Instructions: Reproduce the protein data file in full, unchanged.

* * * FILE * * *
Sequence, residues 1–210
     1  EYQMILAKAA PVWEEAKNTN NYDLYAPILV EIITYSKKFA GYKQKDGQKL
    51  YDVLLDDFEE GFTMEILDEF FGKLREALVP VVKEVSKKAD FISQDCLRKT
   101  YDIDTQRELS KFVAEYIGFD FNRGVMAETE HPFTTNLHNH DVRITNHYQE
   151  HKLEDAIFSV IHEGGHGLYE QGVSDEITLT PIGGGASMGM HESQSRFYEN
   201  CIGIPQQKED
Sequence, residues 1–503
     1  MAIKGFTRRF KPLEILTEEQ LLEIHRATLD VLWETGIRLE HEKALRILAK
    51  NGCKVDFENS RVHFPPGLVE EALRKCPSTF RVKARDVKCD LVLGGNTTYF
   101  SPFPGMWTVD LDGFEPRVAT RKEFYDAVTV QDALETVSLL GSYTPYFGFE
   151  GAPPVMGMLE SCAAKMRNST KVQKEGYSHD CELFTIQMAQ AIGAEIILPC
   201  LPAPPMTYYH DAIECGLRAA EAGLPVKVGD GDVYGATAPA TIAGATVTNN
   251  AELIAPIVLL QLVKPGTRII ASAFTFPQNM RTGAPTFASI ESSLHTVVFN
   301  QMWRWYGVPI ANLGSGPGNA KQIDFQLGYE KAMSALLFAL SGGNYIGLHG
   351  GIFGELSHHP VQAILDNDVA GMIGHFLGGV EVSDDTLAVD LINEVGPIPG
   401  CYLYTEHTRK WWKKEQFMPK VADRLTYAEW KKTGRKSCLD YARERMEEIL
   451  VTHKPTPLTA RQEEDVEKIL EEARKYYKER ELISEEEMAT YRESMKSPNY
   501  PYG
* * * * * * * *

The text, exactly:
Sequence, residues 1–210
     1  EYQMILAKAA PVWEEAKNTN NYDLYAPILV EIITYSKKFA GYKQKDGQKL
    51  YDVLLDDFEE GFTMEILDEF FGKLREALVP VVKEVSKKAD FISQDCLRKT
   101  YDIDTQRELS KFVAEYIGFD FNRGVMAETE HPFTTNLHNH DVRITNHYQE
   151  HKLEDAIFSV IHEGGHGLYE QGVSDEITLT PIGGGASMGM HESQSRFYEN
   201  CIGIPQQKED
Sequence, residues 1–503
     1  MAIKGFTRRF KPLEILTEEQ LLEIHRATLD VLWETGIRLE HEKALRILAK
    51  NGCKVDFENS RVHFPPGLVE EALRKCPSTF RVKARDVKCD LVLGGNTTYF
   101  SPFPGMWTVD LDGFEPRVAT RKEFYDAVTV QDALETVSLL GSYTPYFGFE
   151  GAPPVMGMLE SCAAKMRNST KVQKEGYSHD CELFTIQMAQ AIGAEIILPC
   201  LPAPPMTYYH DAIECGLRAA EAGLPVKVGD GDVYGATAPA TIAGATVTNN
   251  AELIAPIVLL QLVKPGTRII ASAFTFPQNM RTGAPTFASI ESSLHTVVFN
   301  QMWRWYGVPI ANLGSGPGNA KQIDFQLGYE KAMSALLFAL SGGNYIGLHG
   351  GIFGELSHHP VQAILDNDVA GMIGHFLGGV EVSDDTLAVD LINEVGPIPG
   401  CYLYTEHTRK WWKKEQFMPK VADRLTYAEW KKTGRKSCLD YARERMEEIL
   451  VTHKPTPLTA RQEEDVEKIL EEARKYYKER ELISEEEMAT YRESMKSPNY
   501  PYG